We had the most enormous rainstorm in Florida last night and everywhere flooded. And it isn't even hurricane season. Good job that our house has stilts. We are OK until the water rises ten feet, but then we will be in big trouble, so fingers crossed. Maybe I should invest in an inflatable boat and paddles, just in case. This is the equivalent of preparing for a black swan event, but it seems a good idea given what has happened over the past couple of years.
The election storm clouds appear to be gathering in the UK. The Conservatives' flip-flopping over plans for immediate cuts in public spending came under attack from Peter Mandelson, Labour's Secretary of State for Business, Innovation and Skills, who said that their economic policy is a muddle. The Financial Times seemed unconvinced by the "faltering Tories", arguing in a leader that the pace of spending cuts should be contingent on growth. "In the heat of a campaign," the FT went on, "only clear, coherent and consistent policy is defensible. It benefits no one for one party to repeatedly shoot itself in the foot. The Conservatives must get a grip." Exactly.
In an attempt to end the confusion over his party's policy, the Tory shadow chancellor, George Osborne, set out an eight-point plan. But it was full of generalities, lacking details on how any of them might be achieved. Nobody was the slightest bit convinced, including me.
Then Osborne announced that the fine economist Nicholas Stern was to be the Tory party's adviser on all sorts of green economic stuff. Such an appointment would help to add some much-needed credibility. Green jobs are going to be important. However, it would have been better if the Conservatives had cleared this with Lord Stern first, as he promptly denied he had agreed to do any such thing. Shambles!
Figures just in
I was struck by three important bits of economic news in the past week. First came figures showing that growth in the UK service sector stalled at the beginning of this year. Rates of expansion were the slowest for five months, and there was a further decline in employment. Maybe the lack of activity and new business had something to do with all the disruptions caused by the snow, but it certainly didn't augur well for the future. These figures were much more downbeat than the equivalent results for manufacturing, which has benefited from falls in the exchange rate.
Second, a survey on job placements suggested some slowing in the labour market. Third, stock markets around the world fell again after an unexpected increase in US jobless claims and amid growing concern over European sovereign debt, especially in Greece, Spain and Portugal. Greece's biggest trade union approved a mass strike and tax collectors staged a 48-hour walkout. There are growing fears that the debt crisis will spread.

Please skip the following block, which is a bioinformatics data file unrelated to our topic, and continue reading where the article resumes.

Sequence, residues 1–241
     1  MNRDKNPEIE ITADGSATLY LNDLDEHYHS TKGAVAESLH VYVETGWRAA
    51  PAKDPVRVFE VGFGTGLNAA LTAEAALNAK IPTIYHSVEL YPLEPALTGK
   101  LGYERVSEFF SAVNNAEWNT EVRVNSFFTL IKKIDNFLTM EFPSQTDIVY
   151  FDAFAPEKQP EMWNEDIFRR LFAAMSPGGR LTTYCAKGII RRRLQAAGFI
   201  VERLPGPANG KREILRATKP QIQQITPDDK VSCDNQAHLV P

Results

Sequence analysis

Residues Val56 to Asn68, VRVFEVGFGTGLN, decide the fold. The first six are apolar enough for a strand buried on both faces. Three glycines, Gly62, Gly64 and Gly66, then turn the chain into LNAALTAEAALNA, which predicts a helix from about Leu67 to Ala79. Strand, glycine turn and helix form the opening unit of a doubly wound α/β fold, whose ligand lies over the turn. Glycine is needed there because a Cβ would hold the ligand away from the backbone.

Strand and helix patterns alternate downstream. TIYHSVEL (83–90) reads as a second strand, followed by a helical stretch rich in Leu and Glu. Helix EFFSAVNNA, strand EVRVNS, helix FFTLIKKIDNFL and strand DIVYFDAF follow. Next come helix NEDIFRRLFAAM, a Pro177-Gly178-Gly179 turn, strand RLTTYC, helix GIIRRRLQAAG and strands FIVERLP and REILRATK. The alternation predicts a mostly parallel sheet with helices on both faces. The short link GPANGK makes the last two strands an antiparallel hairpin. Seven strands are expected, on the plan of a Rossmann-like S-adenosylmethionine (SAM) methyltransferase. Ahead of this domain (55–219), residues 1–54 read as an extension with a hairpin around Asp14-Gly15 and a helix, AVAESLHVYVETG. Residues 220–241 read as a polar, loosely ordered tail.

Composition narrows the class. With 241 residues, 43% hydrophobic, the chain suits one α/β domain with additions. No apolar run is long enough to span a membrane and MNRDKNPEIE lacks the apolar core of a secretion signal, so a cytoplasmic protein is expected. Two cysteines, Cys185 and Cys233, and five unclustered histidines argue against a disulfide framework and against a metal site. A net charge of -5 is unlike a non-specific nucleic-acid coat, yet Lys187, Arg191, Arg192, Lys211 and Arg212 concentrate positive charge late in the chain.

Then the National Institute of Economic and Social Research (NIESR) published a new forecast suggesting that UK growth will be lower than it had predicted. Its chief forecaster, Ray Barrell, cautioned - correctly, in my view - that what was needed was a fiscal expansion now and a fiscal contraction at some point in the future. The institute said that unemployment will continue to rise through 2011, reaching 2.9 million (more than 9 per cent), and noted that the labour market has been much weaker than headlines have suggested because of the cuts in hours and decline of full-time jobs. The announcement of further job losses at Shell, following a poor set of results, added to the gloom.
That set me thinking about who has been most affected by the recession in the UK. It is well known that young people have been hit especially hard by rising unemployment, as have the least educated and minority groups. Young people without qualifications from minorities are the worst hit. There is also a regional dimension. Unemployment rates are higher in the West Midlands (9.6 per cent) and the north-east (9.8 per cent) than in the south-east (6.2 per cent), East Anglia (6.3 per cent) or the south-west (6.4 per cent).
Given that this week's New Statesman is a special issue on Islam, it seemed appropriate to examine how British Muslims have been affected by recession. I decided I should look at the recent information and lay out the facts, which is always a good starting place for a data hound like me. The most up-to-date information available is from the UK Labour Force Survey for the first nine months of 2009, which covered roughly 160,000 members of the workforce, including just over 4,000 Muslims.
Sign of hope
Muslims are more than twice as likely to be unemployed than the national average (16.4 per cent, compared to 7.7 per cent). (The unemployment rate among black people is even higher, at 17.9 per cent.) Worryingly, unemployment is especially high among young Muslims under the age of 30 (23 per cent), which is again higher than the UK average for young people (17 per cent), although less than for young black people (29 per cent).
The jobless rate for the least educated young Muslims - those with no qualifications - is even higher, approaching 40 per cent. One encouraging sign is that a considerably higher proportion of young Muslims under the age of 25 are students than is the case for non-Muslims (36 per cent and 19 per cent, respectively).
It is important that public policy is designed to ensure that Muslims in general, and young Muslims in particular, do not become further marginalised. Joblessness would be much higher among Muslims without the labour-market measures implemented by the Labour government. A lost generation of young Muslims would be very bad indeed, for all of us.
David Blanchflower is Bruce V Rauner Professor of Economics at Dartmouth College, New Hampshire, and the University of Stirling